Adrian Werner is Professor of Hydrogeology at Flinders University, and a member of the National Centre for Groundwater Research and Training. After completing his Ph.D. at the University of Queensland, he embarked on an academic career in 2006. He is an Associate Editor for Advances in Water Resources and Journal of Hydrology, and has published over 90 international journal articles.
This is free event
All welcome

To download flyer click here: SA IAH Meeting 28 July 2017

Friday 20 May, 2016

IAH/NCGRT MODELLERS FORUM

UNCERTAINTY IN GROUNDWATER MODELLING

Uncertainty in hydrogeology and groundwater modelling is front and centre in groundwater science, management and policy. Methods to measure, conceptualise, understand, reduce and communicate uncertainty remain key issues.  This seminar and panel discussion will present state of the art understanding and approaches in this area and will discuss and debate the needs and future directions in a Q&A style panel.

Register here: http://www.groundwater.com.au/events/1113

Schedule:

3.00 -3.10  Welcome and Intro – Craig Simmons (NCGRT)

3.10-3.20  Some uncertainty analysis options available through PEST – John Doherty (Watermark Numerical Computing)Download Presentation here

3.23-3.33  Conceptual Uncertainty in Groundwater Models – Hugh Middlemis (HydroGeoLogic) Download Presentation here

3.36-3.46 Qualitative uncertainty analysis: discussing the ‘so what?’ question -Luk Peeters (CSIRO)Download Presentation here

3.49-3.59 Wrangling uncertainty in groundwater models – Anthony Knapton (CloudGMS) Download Presentation here

4:02-4.12 Great Expectations – How groundwater managers should use model outputs – Steve Barnett (IAH/DEWNR) Download Presentation here

4.15-5.00 Panel Discussion – Craig Chair

Thursday 12th May

Groundwater supporting the Adelaide Region  towards 2100

What role might groundwater contribute to Adelaide’s future water mix? By 2100 the Adelaide region’s population might exceed 2 million; climate change would likely generate very dry conditions; the Murray would be struggling and the existing infrastructure will be very aged. The aquifers beneath Adelaide have the potential to contribute to water security. This Symposium brings a panel of eminent speakers to share their research and understandings of the regional groundwater systems.

Sessions  included:

  • Overview – The aquifers, issues and 21st C Scenario
  •  Tools and Models – validation and prediction
  • Groundwater pollution risks & responses
  • Managed Aquifer Recharge & Recovery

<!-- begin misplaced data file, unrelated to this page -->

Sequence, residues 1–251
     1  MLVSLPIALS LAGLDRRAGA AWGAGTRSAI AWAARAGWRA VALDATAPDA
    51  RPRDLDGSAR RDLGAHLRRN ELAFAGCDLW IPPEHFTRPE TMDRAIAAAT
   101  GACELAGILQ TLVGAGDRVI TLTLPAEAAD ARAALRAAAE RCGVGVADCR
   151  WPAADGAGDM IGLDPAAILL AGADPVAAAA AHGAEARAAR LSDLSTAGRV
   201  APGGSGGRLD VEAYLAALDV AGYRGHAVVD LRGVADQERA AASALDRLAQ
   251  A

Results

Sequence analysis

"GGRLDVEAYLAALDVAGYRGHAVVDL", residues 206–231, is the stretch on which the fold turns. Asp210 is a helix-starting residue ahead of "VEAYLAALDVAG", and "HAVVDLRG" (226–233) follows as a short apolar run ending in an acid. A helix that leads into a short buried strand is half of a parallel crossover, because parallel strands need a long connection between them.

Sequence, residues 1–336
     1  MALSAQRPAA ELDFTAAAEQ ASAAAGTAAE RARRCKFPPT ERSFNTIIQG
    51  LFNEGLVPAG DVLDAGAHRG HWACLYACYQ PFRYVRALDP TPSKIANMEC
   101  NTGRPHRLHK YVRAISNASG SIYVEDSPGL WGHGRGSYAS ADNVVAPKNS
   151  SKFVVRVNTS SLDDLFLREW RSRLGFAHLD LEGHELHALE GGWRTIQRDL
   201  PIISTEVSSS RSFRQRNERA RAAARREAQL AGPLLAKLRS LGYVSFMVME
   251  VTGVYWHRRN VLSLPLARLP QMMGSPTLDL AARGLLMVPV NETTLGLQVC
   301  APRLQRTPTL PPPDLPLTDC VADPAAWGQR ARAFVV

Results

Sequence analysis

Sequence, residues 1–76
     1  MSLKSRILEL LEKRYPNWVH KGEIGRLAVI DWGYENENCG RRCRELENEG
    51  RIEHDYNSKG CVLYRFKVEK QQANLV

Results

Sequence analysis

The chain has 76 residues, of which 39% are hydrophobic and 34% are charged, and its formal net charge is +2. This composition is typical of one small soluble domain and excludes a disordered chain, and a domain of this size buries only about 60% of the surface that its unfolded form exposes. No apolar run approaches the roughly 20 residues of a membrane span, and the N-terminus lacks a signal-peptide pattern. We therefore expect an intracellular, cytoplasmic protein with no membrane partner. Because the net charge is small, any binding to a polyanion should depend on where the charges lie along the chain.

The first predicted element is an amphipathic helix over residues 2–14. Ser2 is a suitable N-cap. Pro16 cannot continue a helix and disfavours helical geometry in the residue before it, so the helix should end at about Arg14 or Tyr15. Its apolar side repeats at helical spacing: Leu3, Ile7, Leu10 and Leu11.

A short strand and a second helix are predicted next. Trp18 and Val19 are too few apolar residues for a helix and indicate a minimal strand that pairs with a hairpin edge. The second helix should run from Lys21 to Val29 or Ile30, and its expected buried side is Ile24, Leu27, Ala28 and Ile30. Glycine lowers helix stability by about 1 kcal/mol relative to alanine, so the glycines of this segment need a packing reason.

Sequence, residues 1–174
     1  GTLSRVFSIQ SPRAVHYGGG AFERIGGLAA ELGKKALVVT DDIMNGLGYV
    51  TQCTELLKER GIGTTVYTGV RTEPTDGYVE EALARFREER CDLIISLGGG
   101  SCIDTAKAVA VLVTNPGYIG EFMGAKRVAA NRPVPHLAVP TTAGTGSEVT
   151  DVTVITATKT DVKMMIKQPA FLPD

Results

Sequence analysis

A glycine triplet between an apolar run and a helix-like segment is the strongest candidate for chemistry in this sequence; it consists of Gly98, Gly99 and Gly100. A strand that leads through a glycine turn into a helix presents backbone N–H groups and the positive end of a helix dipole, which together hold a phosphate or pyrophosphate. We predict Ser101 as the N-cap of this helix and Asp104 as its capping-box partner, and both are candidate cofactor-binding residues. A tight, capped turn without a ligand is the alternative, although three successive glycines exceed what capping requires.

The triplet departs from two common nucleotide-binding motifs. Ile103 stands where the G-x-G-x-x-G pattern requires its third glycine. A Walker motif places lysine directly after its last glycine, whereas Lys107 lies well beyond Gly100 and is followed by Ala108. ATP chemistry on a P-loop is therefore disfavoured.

• Willunga Basin water balance case study
  • Policies – Water Allocation Plan
  • Future hypothetical scenario – Panel discussion Extended abstracts and presentations will be  available to registrants on the day.

Nuclear Fuel Royal Commission

Mr Chad Jacobi, Counsel assisting the South Australia Nuclear Fuel Royal Commission will speak on the terms of reference for the inquiry and the importance of groundwater as an issue for consideration by the commission of the nuclear fuel cycle activities covered by the terms of reference, based on the public submissions received by the Inquiry.

 This is not a debate about the benefits or otherwise, of nuclear power.

Friday 2nd October, 2015

NGWA McEllhiney Lecture 2015 – Ronald B. Peterson hosted by SA IAH and NCGRT

Drilling Fluids: A Common Sense Approach- Ronald B. Peterson

Learn how using the proper drilling fluid for a particular project is paramount to a successful job during Ronald B. Peterson’s lecture. Peterson’s presentation will briefly cover the evolution of the water well industry with emphasis on drilling fluids and grouts, and the progress that has been made over time as technology and the understanding of drilling fluids has
improved.

Topics to be covered include, but are not limited to the:

  • Evolution of the water well industry
  • Importance of proper project planning and follow-through
  • Functions of a drilling fluid
  • Uses of bentonite focusing on its use as a basis for drilling fluids
  • Development of other drilling fluid additives and their use to enhance the fluid properties
  • Proper selection of a grout
  • Development of grouts, and the issues and limitations in placement and in attaining a competent well seal.

Peterson’s lecture will provide you with the basics for the proper planning, implementation, and follow-through of a well-designed drilling program with the goal of providing the best seal possible during the final well construction.

Tuesday 18th August, 2015

2015 Henry Darcy Lecture Series in Groundwater Science – Dr. Rainer H. Helmig

Dr. Rainer H. Helmig is the 2015 Henry Darcy Distinguished Lecture Series in Groundwater Science.Helmig is head of the Department of Hydromechanics and Modelling of Hydrosystems at the Institute for Modelling Hydraulic and Environmental Systems, University of Stuttgart, Germany.